We are facing serious problems today like pandemics, moral foundations vanishing from higher education, and economic difficulties brought on by global events. Prominent Christian leaders have spoken poignantly and passionately about these issues.
On pandemics, one leader wrote, “It disturbs some that the power of this disease attacks our people equally with the heathens, as if the Christian believed for this purpose, that he might have the enjoyment of the world and this life free from the contact of ills; and not as one who undergoes all adverse things here and is reserved for future joy. It disturbs some that this mortality is common to us with others; and yet what is there in this world which is not common to us with others, so long as this flesh of ours still remains, according to the law of our first birth, common to us with them? So long as we are here in the world, we are associated with the human race…”
Another wrote, regarding the decline of educational institutions, “The universities are growing weak…. For now, it is becoming known through God’s word how un-Christian these institutions are, and how they are devoted only to men’s bellies…. For this reason, no one is any longer willing to have his children get an education…. Better they should learn a livelihood to earn.”
And finally, commenting on the global impact of war, another wrote, “It is true that prices are higher. It is also true that wages are higher in many places. This is a call for faith, heroic, aggressive, courageous, conquering faith, faith that over-rides difficulties, all sorts of difficulties…. Let us not be sidetracked by war. Let us sacrifice and do our best to go on. Let no preacher fail to go on to the Seminary or the College. Trust God.”
These stalwarts, commenting on current events, were Cyprian of Carthage, Martin Luther, and L. R. Scarborough. Their current events—pandemic, educational dysfunction, and war—were the same as ours. They called on Christians to persevere in their generation—and they did. We must do the same—with less whining—and more confidence in God who prevails.
The temptation in every generation is to believe the problems they are facing are unique, worse than any other generation has ever faced, and perhaps the final problems that will overwhelm the gospel and invalidate the Word of God. That temptation is rooted in our arrogance, the false belief our generation is unique compared to those who have come before.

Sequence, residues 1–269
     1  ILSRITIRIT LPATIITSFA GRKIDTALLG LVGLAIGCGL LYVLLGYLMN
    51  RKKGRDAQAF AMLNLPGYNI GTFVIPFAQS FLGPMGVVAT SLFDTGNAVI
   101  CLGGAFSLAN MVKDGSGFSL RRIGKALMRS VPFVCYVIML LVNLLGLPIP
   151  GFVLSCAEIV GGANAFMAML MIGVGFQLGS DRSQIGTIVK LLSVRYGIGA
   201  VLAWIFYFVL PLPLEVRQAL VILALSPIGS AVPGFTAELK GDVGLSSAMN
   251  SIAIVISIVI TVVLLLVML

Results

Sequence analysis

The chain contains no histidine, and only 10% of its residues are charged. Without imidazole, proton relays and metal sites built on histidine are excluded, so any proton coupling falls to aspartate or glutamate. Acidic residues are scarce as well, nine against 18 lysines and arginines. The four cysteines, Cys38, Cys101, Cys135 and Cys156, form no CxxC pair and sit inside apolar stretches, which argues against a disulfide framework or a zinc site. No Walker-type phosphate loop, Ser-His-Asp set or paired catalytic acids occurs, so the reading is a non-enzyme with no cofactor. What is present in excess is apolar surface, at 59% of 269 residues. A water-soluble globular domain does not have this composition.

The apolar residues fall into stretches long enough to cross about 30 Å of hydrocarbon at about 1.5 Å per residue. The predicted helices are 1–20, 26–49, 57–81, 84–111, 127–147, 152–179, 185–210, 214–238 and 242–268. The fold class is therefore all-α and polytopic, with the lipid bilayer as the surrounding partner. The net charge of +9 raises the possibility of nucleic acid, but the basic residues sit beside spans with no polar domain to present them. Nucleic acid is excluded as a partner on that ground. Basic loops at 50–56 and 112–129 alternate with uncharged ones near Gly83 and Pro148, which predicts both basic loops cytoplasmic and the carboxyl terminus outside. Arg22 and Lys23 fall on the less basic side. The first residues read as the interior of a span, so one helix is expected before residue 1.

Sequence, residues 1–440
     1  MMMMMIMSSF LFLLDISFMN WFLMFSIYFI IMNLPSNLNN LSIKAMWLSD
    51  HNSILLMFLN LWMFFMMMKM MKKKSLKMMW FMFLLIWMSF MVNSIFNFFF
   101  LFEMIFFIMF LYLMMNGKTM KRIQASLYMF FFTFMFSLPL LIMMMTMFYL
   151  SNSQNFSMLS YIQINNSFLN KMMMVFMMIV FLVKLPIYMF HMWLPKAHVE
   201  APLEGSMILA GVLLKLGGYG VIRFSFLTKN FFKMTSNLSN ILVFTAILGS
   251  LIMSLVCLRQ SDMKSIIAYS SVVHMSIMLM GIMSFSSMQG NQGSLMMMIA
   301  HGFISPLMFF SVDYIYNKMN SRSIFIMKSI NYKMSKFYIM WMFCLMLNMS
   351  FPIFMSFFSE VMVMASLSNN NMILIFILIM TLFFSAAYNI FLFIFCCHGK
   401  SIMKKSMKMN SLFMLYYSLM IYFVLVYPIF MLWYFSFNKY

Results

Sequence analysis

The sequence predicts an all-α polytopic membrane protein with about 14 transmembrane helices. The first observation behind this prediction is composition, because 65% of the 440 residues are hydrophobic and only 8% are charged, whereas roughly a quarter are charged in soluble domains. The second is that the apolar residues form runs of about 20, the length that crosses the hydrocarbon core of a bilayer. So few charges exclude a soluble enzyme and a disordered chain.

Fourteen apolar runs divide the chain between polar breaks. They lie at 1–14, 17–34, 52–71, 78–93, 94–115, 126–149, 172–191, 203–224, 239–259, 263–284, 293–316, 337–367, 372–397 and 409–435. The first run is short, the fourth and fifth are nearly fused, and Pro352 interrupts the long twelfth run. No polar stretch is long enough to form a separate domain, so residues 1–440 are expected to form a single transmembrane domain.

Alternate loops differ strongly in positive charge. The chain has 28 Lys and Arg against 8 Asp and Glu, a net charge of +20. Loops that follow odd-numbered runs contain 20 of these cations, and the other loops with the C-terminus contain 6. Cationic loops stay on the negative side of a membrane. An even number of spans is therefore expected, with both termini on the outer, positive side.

The problems we face are the same old, same old. Nothing new here. The good news is God has not changed. He can and will sustain his people—to the extent that serves his eternal purposes. He is unwavering in this determination to accomplish his ultimate purpose—a people worshipping him for eternity.
So, less whining and more faith-filled gospel-centered living! That’s the best response in the face of disease, moral declines in education, and devastation caused by wars and rumors of wars. Our problems are not new. Our God has not changed. Our confidence rests on his faithfulness.
This blog was inspired by a recent devotional delivered at Gateway Seminary by Dr. Jonathan McCormick (Director of Library Services). The references and full quotes excerpted above are on file but not included here because of the short format of this blog.
Dr. Paul Kelly provides a biblically informed theology of youth that gives youth ministers and pastors a deeper understanding of the common experience and divine purpose of teenage years. You can find an excerpt of his new publication here.
Dr. Chris Chun hosted a digital symposium with Dr. Michael Haykin and Dr. Robert Caldwell to discuss Edwards’ spirituality, devotional life and theological impact in American Christianity.